You Can Now Watch Mike de Leon's Classic Ang Bayaning 3rd World Online

In its entirety!

(SPOT.ph) Celebrated auteur Mike de Leon has finally made his comeback to film after 19 long years with Citizen Jake. Anyone who's watched the film starring Atom Araullo would know that it didn't pull back on the punches meant for today's political climate. After all, it is a Mike de Leon film. He's never been one to keep quiet about his beliefs, especially when it comes to his works. And the last film he made before his hiatus—Bayaning 3rd World—is no different. 

 


 

Bayaning 3rd World revolves around two aspiring filmmakers (Ricky Davao and Cris Villanueva) who are making a film about the life of Jose Rizal (Joel Torre), long after his death. They want to explore Rizal's views about the Catholic Church and how he supposedly retracted his negative opinions about them, which he expressly wrote about in Noli Me Tangere and El Filibusterismo. To do so, they set out to interview those closest to him, including his siblings, his mother Teodora Alonzo (Daria Ramirez), supposed wife Josephine Bracken (Lara Fabregas), and even the priest who allegedly heard his retraction, Vicente Balaguer (Ed Rocha). After asking around, the two filmmakers eventually get to ask the man himself.

 


 

In a post on Citizen Jake's Facebook page, de Leon talks about how the film came about after first working on what would be Marilou Diaz-Abaya's Jose Rizal. "I gave up on the humongous epic Rizal to be produced by GMA Films that would have starred Aga Muhlach as Rizal. I didn’t care that Aga did not even remotely resemble Rizal." The role eventually went to Cesar Montano. "It was supposed to be a melodrama, and with the late, great actress Charito Solis playing Doña Lolay, Rizal’s mother, I thought I could make the viewer feel for the plight of this unfortunate, reluctant hero and maybe even weep—a historical tearjerker," he reveals.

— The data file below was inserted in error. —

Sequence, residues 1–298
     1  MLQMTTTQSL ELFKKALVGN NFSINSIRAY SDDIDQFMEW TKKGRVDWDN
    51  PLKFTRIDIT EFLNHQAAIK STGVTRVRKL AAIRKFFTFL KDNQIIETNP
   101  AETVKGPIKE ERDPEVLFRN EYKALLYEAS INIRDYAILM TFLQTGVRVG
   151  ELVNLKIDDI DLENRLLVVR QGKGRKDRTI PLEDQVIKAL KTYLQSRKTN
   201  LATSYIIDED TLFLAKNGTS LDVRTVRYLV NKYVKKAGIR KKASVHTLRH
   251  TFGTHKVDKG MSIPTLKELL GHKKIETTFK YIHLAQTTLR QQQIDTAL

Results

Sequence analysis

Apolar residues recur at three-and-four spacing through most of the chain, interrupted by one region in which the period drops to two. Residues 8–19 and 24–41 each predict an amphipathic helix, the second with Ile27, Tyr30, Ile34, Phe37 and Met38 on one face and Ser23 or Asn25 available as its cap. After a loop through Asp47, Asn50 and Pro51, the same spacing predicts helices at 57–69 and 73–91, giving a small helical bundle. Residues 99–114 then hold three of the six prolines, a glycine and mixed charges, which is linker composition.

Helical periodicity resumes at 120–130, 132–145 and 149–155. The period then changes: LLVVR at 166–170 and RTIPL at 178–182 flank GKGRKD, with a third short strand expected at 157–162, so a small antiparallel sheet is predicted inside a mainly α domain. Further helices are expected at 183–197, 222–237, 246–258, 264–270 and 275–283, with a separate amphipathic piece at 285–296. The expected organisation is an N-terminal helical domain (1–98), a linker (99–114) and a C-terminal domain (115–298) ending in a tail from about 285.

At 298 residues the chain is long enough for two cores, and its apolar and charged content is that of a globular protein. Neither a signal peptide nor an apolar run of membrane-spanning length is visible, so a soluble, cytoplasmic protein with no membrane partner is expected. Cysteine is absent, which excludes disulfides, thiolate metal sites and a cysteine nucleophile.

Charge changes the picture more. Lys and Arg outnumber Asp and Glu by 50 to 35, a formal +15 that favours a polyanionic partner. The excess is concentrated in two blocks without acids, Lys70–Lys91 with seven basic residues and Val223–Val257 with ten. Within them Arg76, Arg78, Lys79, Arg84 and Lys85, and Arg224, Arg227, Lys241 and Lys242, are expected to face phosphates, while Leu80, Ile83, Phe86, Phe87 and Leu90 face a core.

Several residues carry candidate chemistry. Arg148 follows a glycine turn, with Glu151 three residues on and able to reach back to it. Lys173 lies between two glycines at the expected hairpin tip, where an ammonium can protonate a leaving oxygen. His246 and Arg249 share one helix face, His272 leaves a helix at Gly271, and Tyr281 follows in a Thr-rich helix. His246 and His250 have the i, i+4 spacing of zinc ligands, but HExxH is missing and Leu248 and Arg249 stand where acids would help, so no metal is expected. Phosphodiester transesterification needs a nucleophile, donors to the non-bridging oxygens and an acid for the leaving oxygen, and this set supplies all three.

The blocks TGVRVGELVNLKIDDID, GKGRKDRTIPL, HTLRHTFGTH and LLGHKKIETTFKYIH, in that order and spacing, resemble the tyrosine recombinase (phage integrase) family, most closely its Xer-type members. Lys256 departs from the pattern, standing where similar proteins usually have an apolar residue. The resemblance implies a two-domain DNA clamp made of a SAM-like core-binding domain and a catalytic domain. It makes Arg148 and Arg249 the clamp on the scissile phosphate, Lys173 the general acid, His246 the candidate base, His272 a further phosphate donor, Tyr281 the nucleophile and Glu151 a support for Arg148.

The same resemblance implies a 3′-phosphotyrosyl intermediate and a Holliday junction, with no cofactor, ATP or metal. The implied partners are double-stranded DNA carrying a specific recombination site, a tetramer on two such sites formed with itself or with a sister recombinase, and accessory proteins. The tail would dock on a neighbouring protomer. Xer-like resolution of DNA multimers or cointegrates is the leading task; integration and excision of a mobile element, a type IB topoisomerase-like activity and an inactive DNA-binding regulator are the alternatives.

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He explains how he got interested in the story of Bayaning 3rd World. "I refused to believe that Rizal wrote a retraction and returned to the Catholic Church of his day. I firmly believed in what Rizal wrote Ferdinand Blumentritt in 1890: That religion was the cause of all of the country’s, and perhaps the world’s miseries (this part is me, not Rizal). If Rizal were alive today, maybe he would have added politicians, entertainers turned politicians, mall operators, delusional boxers and aspiring dictators into the mix."

 

 

And now, movie buffs and lovers of classic films can watch the critically acclaimed work in its entirety on Casa Grande Vintage Filipino Cinema's Facebook page. Shot in black and white, the film is available on the page in six parts, running from 15 to 16 minutes each. Today's cinephiles can now find out why the film was rated "A" by the Film Ratings Board back in 1999, why it won six awards out of a total of 13 nominations at the Gawad Urian in 2000, and why critics praise its portrayal of Rizal and Philippine history.

 

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